Many supermarkets here in New York City will deliver your order within a few blocks for a small fee, so 90-year-old ladies don't have to carry 20 pounds of groceries to their fifth-floor walk-ups. FreshDirect goes further: if you're lucky enough to live in their delivery area, it saves you even the trouble of going to the store. When you order through their Web site (, they gather everything in a refrigerated warehouse in Queens, load it on a truck, and drive it to where you are.

This has the obvious disadvantage that you can't see the merchandise before you buy it. However, why do you look at it anyway? To make sure the cans aren't dented or dirty—which FreshDirect's aren't—and to make sure the meat isn't green and the bread isn't moldy—which, again, FreshDirect generally avoids.

Since delivery is so common here, however, FreshDirect advertises two things at least as heavily as convenience. One is, as the name implies, freshness. They claim their shorter supply chain allows them to deliver meat, dairy, and produce that are fresher than what customers can find at the supermarket. In addition, keeping their facility off limits to customers allows them to store different foods at a variety of different temperatures—produce alone has seven distinct climates. That said, I've gotten ice cream that was starting to melt, although everything else has been all right thus far. The other thing they tout is price. FreshDirect consistently charges less for foods than its brick-and-mortar competitors.

Here's how it works: The shopper peruses their Web site and picks items, as one does with a Web-based retailer. The minimum order is currently $40. Then you select a delivery time. Two-hour slots may be available as early as the next day; deliveries are afternoons and evenings, and all day on weekends. I've found they tend to arrive around the halfway point of that window. Items are packed in boxes with other things kept in the same temperature range; room temperature, refrigerated, and frozen goods are boxed separately, generally about four or five items to a box. After three orders, I can build a fort in my apartment. There is a delivery charge, right now $4.95, or the customer can choose to pick up his or her boxes at the warehouse. You're charged for your order when it's assembled for delivery, so that you pay the correct amount for items priced by weight.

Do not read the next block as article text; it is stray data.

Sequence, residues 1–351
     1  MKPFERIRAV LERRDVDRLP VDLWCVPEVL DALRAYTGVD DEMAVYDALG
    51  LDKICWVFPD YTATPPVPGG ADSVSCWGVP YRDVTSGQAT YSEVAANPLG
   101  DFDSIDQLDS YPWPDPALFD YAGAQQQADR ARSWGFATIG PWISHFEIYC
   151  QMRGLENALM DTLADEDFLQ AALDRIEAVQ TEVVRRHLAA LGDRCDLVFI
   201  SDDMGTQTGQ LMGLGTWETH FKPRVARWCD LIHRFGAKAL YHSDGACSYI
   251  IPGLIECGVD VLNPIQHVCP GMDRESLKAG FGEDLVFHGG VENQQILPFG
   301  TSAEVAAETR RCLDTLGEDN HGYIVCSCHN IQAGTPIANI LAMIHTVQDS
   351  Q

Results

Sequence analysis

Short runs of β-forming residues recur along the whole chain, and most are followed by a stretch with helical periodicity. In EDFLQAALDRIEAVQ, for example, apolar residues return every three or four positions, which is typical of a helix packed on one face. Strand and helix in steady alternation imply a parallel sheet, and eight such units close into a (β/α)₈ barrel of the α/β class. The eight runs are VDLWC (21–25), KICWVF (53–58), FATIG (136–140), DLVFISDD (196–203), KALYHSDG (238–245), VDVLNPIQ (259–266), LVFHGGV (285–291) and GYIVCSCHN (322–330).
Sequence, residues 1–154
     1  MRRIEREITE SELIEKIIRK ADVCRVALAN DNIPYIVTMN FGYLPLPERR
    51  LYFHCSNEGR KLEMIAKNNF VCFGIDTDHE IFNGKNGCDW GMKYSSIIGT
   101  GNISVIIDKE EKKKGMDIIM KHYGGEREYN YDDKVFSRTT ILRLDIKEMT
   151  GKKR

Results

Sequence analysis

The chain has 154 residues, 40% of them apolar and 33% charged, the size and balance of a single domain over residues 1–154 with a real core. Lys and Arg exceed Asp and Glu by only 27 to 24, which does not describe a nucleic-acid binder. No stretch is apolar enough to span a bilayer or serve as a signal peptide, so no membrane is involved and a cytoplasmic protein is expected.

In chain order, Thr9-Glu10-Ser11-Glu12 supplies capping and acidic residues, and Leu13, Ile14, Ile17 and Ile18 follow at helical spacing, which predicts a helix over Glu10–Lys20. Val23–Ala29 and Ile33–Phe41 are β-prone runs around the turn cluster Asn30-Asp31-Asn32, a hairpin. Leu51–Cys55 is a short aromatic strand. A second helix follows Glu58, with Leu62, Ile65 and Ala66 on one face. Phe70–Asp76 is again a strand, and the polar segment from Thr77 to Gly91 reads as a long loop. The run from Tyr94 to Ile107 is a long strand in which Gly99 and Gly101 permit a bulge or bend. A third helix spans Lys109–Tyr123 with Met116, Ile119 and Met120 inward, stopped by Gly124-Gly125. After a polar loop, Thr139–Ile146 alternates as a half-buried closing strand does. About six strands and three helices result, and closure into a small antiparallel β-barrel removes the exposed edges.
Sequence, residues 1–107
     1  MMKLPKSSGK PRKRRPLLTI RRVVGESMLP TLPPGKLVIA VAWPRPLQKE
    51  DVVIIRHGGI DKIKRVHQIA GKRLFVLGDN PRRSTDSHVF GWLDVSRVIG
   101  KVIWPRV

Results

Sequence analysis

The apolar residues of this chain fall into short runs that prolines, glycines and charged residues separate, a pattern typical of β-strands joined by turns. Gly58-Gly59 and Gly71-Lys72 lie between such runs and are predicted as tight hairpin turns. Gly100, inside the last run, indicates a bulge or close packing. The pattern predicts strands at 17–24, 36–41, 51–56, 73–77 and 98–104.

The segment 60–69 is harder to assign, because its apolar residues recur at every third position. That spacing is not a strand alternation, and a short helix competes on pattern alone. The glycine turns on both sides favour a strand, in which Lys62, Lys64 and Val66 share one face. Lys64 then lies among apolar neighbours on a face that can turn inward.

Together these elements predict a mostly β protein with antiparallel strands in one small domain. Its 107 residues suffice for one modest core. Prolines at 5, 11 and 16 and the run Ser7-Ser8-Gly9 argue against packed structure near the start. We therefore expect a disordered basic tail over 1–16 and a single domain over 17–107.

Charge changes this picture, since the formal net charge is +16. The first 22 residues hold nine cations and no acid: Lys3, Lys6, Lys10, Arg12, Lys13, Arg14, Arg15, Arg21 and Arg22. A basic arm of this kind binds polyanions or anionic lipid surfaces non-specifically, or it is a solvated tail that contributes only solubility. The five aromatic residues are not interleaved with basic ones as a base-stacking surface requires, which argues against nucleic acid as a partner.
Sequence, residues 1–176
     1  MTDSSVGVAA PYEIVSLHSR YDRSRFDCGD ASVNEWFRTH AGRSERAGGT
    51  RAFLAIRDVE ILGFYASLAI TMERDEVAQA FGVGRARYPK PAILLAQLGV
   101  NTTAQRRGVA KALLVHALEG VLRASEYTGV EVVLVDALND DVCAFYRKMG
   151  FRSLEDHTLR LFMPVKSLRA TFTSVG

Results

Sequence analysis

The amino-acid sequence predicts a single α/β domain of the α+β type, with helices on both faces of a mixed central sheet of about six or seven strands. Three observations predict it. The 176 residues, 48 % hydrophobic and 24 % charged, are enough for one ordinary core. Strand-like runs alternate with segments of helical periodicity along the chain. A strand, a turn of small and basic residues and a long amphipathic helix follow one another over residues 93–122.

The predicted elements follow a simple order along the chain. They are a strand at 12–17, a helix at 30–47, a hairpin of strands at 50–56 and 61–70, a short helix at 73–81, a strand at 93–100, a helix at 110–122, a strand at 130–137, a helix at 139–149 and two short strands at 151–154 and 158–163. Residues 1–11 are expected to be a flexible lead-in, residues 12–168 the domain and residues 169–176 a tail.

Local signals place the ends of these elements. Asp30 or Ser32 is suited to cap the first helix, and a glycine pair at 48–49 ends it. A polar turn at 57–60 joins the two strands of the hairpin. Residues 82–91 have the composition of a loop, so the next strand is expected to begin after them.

It's easier to find things than in a standard supermarket—no guessing which aisle something is in—and fresh foods such as meat and produce are easier to find in the needed quantities. If you want two pounds of ground lamb, you'll get more or less two pounds of ground lamb. Meat is even offered unadorned or with a choice of marinades. Another benefit is being able to leave your cart and come back—instead of running out to the store every time you think of something you need, if you don't need it right away, you can add it to your list for your next order.

FreshDirect was launched by Joe Fedele in September 2002, and was turning a profit just 16 months later. Fedele, who'd had previous grocery experience with the upscale Manhattan supermarket Fairway at their Harlem store*, told Business Week he derived FreshDirect's business model from Dell's.

I note that as I write this, I have only just exhausted my introductory offer of $50 off. My enthusiasm may or may not dim hereafter, although even without the discount it’s cheaper than other options.

Some information is from and

*There is, unsurprisingly, a decided difference of opinion on exactly how much involvement Fedele actually had with Fairway Uptown. Signs in Fairway's main store assert that he owned another supermarket which went bankrupt, and Fairway then took over the space.

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